Daily Gains Letter

Why Homebuilders Face a Precarious Future

By for Daily Gains Letter |

 Housing MarketSigns of change in the U.S. housing market are already beginning to show. And homebuilders and development stocks like Brookfield Residential Properties Inc. (NYSE/BRP) and D.R. Horton, Inc. (NYSE/DHI) are becoming vulnerable. They have already shown some signs of weakness since the beginning of May, and more could follow.

There’s no doubt the housing market has seen a significant run. Home prices in the U.S. economy are increasing at a pace not seen since the housing market was booming. It’s hot; some institutional investors are even betting large sums of money on it and appear to think it will continue to grow at this pace.

But looking ahead, I can’t help but point out that there are some issues that can become troublesome for the already damaged housing market. You need to keep in mind that home prices are still down a great amount since their peak in 2006–2007.

Investors need to know about the most troublesome phenomenon occurring in the housing sector: rising mortgage rates.

If you look at Freddie Mac’s monthly average commitment rate on 30-year fixed-rate mortgages, it climbed to 4.07% in June, an almost 10.6% increase from a year earlier. The same mortgage rates in October 2012 stood at 3.35%—their lowest since 1971. (Source: “30-Year Fixed-Rate Mortgages Since 1971,” Freddie Mac web site, last accessed June 12, 2013.)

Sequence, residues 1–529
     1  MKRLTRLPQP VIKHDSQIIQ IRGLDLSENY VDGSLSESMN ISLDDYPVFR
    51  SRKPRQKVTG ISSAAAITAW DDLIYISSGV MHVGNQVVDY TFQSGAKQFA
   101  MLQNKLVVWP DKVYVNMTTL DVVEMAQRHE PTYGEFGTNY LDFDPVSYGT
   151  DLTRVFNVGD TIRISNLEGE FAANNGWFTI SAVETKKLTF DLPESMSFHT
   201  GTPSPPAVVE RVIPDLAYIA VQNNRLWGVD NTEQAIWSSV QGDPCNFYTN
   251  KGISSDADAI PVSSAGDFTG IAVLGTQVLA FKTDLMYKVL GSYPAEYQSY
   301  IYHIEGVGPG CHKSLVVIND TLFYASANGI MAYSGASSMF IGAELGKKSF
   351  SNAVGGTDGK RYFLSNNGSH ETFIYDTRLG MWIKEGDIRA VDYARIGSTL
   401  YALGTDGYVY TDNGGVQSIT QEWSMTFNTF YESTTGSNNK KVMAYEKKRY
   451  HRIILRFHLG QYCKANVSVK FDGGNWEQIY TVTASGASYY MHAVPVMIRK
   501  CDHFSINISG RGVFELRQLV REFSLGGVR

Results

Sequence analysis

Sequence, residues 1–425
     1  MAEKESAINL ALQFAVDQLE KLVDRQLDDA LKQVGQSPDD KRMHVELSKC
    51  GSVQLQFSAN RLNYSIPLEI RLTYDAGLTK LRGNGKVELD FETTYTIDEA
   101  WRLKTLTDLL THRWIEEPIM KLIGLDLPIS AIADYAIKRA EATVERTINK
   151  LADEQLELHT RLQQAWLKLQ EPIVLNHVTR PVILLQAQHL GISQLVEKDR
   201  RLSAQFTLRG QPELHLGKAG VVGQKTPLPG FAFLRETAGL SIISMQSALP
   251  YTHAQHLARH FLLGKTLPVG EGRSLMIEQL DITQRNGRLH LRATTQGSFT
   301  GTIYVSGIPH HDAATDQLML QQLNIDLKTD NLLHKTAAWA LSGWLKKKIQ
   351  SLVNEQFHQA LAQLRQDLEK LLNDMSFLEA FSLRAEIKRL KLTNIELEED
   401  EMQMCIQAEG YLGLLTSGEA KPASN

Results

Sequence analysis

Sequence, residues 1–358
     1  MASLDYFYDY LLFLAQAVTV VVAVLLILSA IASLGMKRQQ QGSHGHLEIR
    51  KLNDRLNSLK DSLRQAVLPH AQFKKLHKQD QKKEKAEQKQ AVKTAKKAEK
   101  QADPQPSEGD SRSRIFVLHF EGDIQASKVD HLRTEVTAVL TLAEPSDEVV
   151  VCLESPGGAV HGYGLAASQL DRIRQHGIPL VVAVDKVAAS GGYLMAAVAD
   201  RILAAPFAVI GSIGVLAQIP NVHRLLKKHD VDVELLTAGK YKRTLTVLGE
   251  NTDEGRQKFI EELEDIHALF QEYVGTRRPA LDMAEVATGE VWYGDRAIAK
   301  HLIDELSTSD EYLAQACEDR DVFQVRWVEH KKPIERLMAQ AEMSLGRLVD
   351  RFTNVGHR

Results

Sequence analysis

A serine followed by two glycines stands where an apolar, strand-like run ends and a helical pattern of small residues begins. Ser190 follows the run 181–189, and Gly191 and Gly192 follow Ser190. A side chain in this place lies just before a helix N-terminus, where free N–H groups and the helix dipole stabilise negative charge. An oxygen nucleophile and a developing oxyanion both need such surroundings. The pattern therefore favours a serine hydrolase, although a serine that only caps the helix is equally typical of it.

As the mortgage rates continue to go higher, many of those who are looking to buy homes now might get discouraged, and a decline in buyers creates a liquidity problem in the housing market. Remember, the housing market isn’t liquid like the stock market or foreign exchange markets, in which you can just place an order and are able to buy or sell with a click of a button. It takes time to sell a house, and you need a buyer.

If the number of home buyers who are actively searching the housing market declines, those who are willing to sell might have to resort to lower prices. Eventually, increased activity like this brings overall prices in the housing market lower.

Such a situation puts companies who are very close to the housing market—homebuilders, developers, and construction firms—at risk. The reasoning behind this is very simple: if the prices in the housing market go down, the activity decreases and hurts their bottom line. For example, if the home prices are going down, making buyers scarce, developers will have difficulties selling their projects.

Investors always need to keep in mind that things in the world of finance can turn very quickly. One decision from the Federal Reserve or the U.S. government can change the fate of the housing market. Investors should always practice caution and not overexpose themselves to just one sector—especially the housing sector.

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